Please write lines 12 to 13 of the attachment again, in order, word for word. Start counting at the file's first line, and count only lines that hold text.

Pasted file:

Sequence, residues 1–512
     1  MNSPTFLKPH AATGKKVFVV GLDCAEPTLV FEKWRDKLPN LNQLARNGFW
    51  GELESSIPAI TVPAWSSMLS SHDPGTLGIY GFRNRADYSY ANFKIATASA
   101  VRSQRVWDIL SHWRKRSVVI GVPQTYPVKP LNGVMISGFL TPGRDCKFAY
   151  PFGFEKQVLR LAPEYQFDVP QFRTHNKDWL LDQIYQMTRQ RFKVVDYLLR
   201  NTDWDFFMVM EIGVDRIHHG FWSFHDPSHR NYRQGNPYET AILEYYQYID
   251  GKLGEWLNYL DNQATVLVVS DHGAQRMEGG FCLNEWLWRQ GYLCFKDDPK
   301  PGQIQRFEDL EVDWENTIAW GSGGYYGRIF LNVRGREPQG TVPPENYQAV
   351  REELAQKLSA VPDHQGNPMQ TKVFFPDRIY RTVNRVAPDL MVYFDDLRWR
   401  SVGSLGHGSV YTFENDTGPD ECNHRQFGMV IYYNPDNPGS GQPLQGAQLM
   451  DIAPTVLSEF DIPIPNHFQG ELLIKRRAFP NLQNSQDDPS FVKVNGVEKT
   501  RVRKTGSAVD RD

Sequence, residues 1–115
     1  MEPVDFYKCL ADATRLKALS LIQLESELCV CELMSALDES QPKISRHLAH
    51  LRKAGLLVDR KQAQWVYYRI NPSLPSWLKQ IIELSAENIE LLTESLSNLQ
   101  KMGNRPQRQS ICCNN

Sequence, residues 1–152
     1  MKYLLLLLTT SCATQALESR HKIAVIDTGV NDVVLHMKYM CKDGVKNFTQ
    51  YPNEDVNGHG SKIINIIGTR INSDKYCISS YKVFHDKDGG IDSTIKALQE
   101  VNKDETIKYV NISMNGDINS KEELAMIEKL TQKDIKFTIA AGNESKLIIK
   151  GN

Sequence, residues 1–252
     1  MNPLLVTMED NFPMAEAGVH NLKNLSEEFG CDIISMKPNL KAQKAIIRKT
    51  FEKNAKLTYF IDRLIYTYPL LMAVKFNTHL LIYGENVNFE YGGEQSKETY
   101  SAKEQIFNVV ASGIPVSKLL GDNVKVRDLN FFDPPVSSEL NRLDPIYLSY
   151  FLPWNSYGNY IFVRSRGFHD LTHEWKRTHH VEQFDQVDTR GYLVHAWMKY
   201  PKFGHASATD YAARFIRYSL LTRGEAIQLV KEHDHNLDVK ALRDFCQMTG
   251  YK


   501  RVRKTGSAVD RD

Sequence, residues 1–115